In the Dominican Republic, Baseball Isn't Just a Pastime--It's an Obsession
From the Print Edition:
Danny DeVito, Winter 96
(continued from page 1)
O n a narrow dirt street in a poor neighborhood of San Pedro called Playa de Muerto (Dead Beach), a small group of kids, all about 10 years old, are playing a makeshift game of baseball with a tapa, a hat-shaped plastic top from a milk container. The pitcher, wearing a Cleveland Indians cap, has a handful of brightly colored tapas in his hand, and he pauses to wing one across the street. The disk sails through the air in a jerky motion toward a young boy holding a broom handle; the backstop is a bright purple wall covered with graffiti. Other boys are lined up to one side, waiting their turn to bat. The bottle top looks more like a flying saucer than a baseball, but most of the boys manage to connect with it, often sending the top flying into the trees.
From out of a nearby doorway, where older kids had been watching, a boy of about 15 steps over to the batter and snatches the broom handle out of his hands. He looks as if he stepped out of a rapper video: baggy black shorts, a single earring and a radical haircut. The top is thrown and the older batter smashes it over a wall on the other side of the street. The younger kids watch approvingly as the older boy struts in front of his friends in the doorway. When asked for his name, the boy replies with a smirk, "Sammy Sosa," as in the famous right fielder for the Chicago Cubs.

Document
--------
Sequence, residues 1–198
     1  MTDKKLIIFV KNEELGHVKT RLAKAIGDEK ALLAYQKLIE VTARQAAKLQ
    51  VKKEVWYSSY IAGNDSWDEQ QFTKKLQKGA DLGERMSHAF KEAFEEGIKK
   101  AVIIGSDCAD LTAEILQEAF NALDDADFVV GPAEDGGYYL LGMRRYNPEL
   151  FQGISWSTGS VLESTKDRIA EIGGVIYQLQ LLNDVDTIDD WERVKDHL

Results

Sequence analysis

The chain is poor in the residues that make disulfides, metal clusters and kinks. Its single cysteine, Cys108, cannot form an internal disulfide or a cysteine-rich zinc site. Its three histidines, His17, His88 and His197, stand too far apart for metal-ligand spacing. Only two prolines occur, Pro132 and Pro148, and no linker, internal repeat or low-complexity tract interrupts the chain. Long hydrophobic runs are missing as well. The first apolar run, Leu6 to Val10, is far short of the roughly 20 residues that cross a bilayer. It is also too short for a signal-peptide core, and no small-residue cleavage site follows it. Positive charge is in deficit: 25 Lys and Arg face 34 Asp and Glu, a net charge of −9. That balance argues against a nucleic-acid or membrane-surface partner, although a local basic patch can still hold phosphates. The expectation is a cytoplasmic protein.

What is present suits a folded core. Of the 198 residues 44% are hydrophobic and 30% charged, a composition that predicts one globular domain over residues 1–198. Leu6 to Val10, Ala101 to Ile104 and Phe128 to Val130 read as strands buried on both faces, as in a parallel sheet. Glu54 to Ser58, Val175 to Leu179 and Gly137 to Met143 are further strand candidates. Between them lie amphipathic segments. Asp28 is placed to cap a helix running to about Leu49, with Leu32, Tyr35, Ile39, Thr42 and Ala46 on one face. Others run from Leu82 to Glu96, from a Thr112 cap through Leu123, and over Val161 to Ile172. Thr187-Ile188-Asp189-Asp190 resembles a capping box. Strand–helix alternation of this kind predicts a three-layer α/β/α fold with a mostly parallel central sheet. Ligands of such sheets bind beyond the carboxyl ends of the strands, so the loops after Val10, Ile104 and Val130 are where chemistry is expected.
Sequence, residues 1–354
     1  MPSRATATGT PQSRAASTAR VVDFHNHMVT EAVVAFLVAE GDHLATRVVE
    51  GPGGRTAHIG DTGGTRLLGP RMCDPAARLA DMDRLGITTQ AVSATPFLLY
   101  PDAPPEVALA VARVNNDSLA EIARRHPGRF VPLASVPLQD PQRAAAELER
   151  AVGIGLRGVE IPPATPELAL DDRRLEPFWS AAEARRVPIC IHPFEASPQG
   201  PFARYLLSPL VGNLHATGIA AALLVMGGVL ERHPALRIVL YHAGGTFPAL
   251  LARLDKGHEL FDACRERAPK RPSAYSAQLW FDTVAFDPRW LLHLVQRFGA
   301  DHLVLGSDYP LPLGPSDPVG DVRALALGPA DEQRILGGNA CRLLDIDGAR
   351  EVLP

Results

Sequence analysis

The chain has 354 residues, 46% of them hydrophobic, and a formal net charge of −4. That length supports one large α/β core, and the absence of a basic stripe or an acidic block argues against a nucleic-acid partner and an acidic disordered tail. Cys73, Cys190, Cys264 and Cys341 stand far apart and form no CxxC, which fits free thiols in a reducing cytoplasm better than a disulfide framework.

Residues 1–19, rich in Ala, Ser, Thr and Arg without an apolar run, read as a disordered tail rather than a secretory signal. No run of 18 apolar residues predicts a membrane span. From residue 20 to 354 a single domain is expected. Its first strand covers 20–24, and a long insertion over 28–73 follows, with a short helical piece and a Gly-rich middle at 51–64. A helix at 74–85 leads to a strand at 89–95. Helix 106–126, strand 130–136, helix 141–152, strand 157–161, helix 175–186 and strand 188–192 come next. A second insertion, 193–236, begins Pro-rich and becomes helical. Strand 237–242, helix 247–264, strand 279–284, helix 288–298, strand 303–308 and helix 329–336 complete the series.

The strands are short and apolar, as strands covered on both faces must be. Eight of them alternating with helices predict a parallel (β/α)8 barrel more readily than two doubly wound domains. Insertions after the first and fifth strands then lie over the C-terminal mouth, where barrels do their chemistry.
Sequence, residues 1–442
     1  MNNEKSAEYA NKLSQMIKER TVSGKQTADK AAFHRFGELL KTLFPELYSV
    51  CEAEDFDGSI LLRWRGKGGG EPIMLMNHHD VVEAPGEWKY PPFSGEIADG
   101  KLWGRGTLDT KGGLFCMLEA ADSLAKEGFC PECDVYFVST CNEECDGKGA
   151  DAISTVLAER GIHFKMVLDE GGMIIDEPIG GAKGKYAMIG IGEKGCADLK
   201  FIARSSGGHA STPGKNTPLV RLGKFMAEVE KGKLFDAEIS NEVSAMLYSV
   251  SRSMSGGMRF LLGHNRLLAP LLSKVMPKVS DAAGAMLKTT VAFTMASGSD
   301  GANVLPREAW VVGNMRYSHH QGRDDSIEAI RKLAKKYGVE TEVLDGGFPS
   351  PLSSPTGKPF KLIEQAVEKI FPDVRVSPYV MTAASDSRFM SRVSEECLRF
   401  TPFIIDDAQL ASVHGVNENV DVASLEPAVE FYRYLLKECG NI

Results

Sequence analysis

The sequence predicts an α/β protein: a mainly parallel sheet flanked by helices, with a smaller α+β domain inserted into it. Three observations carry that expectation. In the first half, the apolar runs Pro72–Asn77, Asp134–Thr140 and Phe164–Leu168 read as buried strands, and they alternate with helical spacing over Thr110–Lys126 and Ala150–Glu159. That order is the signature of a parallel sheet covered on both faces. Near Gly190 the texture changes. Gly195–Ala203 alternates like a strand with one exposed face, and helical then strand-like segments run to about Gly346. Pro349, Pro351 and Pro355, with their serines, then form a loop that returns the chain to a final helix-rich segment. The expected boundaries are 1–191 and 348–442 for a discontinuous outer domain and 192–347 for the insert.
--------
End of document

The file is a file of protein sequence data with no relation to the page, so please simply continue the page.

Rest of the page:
On a warm February night in Santo Domingo, the lights of Quesqueya Stadium light the sky above the capital; the beloved Dominicans are battling the Puerto Rican team, and the roar of the crowd can be heard five blocks away. It's the third night in the weeklong Caribbean Series, a round-robin championship between the best players of Venezuela, Mexico, Puerto Rico and the Dominican Republic. Near the park, it seems every store along Avenida Tiradentes has a television with the game on. It's a little before midnight, and inside an open-air fruit market, beyond the locked wire fence and the covered bags of oranges, a small gathering of workers cluster around a little black-and-white television with bad reception, rooting for the Aguilas Cibaeñas (Eagles), as the Dominican team is known.
Last year, the Puerto Ricans beat the Dominicans for the crown; this year's series is referred to by the locals as El Desquite (The Revenge). Many teams carry a number of well-known major leaguers, but no team has as many as the Dominicans, who are known popularly as the Equipo de Sueno (Dream Team). Their roster reads like a who's who of professional baseball: Tony Peña and Julio Franco of the Indians, Luis Polonia, now with the Atlanta Braves, Moies Alou of the Expos, Stan Javier of the San Francisco Giants, Raul Mondesi of the Los Angeles Dodgers and Juan Guzman of the Blue Jays.